Michael Colefield is unwillingly thrust into the nightmarish world of vampires when he discovers a secret government organisation operating undercover within the police when his friend Jack... See full summary »
88 episodes of this USA network show were made. Gary Wallace and Wyatt Donnelly create their dream woman, Lisa, on their computer. Lisa had extraordinary powers and could grant the boys ... See full summary »
Spin-off of The X-Files featuring the trio of computer-hacking conspiracy geeks popularly known as The Lone Gunmen. Never ones to stray far from the center of corporate and government ... See full summary »
A sci-fi British comedy about the adventures of Her Majesty's Ship Camden Lock in the year 2151. It's mission: to convince alien governments to relocate their businesses to Britain. The odd... See full summary »
Set after the events in 'Terminator 2' Sarah Connor and her son John, trying to stay under-the-radar from the government as they plot to destroy the computer network Skynet in hopes of preventing Armageddon.
Darian Fawkes is a petty thief and conman who is bailed out of jail by his brother in return for undergoing an experiment that implants a "quicksilver" gland in his head that allows him to turn invisible. When his brother is killed, he ends up working for a top-secret government organization (disguised as the Department of Fish & Game) in return for a counter-agent which keeps the gland from driving him insane. Written by
In the pilot episode, among Fawkes' doctors are Drs. "Baker, McGann, Hartnell, and Troughton." These are the names of various actors who have played the Doctor on the British TV series Doctor Who (1963). A later in-joke along similar lines has Fawkes using a business card with the name "I.M. Forman" on it; this was the name of the owner of the junkyard that appears in the pilot episode of Doctor Who. See more »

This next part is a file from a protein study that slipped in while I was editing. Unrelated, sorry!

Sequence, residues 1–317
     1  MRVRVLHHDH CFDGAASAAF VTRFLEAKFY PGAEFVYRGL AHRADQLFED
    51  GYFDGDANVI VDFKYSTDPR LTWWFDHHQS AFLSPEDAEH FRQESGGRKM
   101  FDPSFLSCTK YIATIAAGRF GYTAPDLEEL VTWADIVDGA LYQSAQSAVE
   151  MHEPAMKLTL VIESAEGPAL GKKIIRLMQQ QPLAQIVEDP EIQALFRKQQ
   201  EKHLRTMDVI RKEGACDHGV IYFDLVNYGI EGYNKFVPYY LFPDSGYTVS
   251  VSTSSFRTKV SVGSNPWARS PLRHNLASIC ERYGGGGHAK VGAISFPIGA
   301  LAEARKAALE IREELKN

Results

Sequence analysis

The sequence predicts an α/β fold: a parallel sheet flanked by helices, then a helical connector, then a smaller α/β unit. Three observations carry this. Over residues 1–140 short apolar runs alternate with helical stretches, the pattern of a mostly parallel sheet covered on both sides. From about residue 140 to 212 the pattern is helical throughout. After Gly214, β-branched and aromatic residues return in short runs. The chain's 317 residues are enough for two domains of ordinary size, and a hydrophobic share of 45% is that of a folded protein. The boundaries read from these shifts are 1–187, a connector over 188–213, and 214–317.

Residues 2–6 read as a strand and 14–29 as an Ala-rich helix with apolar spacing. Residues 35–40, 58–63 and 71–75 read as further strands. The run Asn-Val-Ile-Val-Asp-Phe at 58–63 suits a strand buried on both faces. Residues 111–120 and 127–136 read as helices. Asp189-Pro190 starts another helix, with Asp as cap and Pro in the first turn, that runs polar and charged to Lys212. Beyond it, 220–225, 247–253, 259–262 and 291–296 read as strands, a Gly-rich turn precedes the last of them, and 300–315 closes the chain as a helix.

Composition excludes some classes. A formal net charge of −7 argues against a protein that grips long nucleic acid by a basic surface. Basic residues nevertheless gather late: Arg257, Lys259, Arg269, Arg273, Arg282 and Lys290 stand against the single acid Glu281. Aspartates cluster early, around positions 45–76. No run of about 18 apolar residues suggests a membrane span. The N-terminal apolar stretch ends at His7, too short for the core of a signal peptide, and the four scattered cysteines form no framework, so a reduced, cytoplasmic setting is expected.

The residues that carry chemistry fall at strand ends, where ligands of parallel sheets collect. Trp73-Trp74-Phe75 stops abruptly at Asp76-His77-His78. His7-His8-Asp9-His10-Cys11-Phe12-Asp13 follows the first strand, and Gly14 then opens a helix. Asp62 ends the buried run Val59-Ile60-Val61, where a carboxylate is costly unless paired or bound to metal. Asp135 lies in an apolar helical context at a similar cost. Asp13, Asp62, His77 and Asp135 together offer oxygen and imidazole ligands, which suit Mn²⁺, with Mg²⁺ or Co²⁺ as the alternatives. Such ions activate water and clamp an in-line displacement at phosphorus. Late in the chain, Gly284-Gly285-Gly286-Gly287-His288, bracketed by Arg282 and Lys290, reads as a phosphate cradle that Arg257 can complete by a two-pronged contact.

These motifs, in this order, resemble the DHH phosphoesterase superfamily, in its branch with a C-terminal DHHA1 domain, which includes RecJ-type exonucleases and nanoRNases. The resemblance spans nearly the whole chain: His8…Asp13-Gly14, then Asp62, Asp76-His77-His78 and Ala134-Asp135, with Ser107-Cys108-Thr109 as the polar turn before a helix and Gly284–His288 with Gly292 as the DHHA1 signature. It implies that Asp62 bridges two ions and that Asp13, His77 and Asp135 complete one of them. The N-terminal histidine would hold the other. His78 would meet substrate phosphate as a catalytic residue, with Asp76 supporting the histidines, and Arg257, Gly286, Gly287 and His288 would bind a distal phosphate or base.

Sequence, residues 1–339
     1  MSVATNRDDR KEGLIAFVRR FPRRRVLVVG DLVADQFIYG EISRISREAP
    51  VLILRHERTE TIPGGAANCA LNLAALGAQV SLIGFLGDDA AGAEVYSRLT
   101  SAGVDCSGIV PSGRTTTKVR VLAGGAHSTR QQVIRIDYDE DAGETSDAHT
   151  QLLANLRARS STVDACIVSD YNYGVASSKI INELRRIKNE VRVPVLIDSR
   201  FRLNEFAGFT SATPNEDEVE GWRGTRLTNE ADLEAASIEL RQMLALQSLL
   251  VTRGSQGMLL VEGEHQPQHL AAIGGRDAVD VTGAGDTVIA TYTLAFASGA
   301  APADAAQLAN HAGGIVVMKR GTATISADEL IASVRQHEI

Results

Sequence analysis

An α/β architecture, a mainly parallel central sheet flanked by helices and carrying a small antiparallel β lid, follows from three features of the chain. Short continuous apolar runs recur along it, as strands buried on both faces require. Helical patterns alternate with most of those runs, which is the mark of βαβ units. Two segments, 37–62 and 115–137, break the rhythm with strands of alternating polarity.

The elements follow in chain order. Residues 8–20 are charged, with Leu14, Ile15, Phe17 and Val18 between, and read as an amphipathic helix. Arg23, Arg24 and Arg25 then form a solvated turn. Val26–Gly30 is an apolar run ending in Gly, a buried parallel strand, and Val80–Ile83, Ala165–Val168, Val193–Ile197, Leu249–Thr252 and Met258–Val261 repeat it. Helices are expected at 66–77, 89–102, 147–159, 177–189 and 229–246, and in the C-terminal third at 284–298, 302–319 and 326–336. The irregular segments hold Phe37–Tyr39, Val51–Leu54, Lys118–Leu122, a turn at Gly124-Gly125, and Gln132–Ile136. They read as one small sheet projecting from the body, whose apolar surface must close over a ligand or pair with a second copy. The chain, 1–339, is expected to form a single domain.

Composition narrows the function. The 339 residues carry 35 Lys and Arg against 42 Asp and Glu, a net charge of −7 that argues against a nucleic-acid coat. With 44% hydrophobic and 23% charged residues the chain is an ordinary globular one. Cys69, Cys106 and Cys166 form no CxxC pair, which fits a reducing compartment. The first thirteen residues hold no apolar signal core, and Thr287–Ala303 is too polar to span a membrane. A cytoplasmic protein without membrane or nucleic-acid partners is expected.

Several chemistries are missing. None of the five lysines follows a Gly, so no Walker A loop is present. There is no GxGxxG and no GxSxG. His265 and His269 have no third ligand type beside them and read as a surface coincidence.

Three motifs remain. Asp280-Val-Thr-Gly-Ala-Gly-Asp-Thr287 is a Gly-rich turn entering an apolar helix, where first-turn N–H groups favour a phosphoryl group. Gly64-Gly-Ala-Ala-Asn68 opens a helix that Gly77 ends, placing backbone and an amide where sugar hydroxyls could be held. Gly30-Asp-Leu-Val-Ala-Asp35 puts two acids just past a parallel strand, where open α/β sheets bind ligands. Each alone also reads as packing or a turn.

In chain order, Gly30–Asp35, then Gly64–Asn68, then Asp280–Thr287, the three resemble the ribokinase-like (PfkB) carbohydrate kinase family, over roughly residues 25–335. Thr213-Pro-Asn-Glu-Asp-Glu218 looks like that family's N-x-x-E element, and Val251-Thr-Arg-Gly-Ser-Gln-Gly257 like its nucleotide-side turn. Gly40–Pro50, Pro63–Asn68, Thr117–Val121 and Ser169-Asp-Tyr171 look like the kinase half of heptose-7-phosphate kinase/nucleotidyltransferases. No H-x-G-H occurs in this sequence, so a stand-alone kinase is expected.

George Orwell said that 'Myths which are believed in, tend to become true'. Now, I've never been big on belief, but I believe in something now. That a big chunk of myth is locked inside my head. Yeah, I figure that makes me about two percent myth, myself. Two percent of everything people disregard, disbelieve and secretly hope is real.
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Somebody finally perfected the "guy with superpowers working for the government" premise. This is a near perfect blend of humor and action, with well-realized characters, sharp dialogue and intelligent plots. This is the show "Jake 2.0" and a bunch of others try to be, and it might have developed a bigger audience on a network.
A thief with a conscience tries to get out of life in prison by volunteering for an experiment. He winds up with the power to turn invisible and a dependency on a drug that keeps him from going psychotic. A low-rent government agency partners him with a guy who keeps a copy of "Lithium and You" in his van.
This show had me when the agents got their briefings through "tri dimensional data viewers", which turn out to be ViewMasters. There's even a reasonably plausible explanation for invisibility that also creates a cool visual effect. (Think about it: how do you make a guy turning invisible look interesting?)
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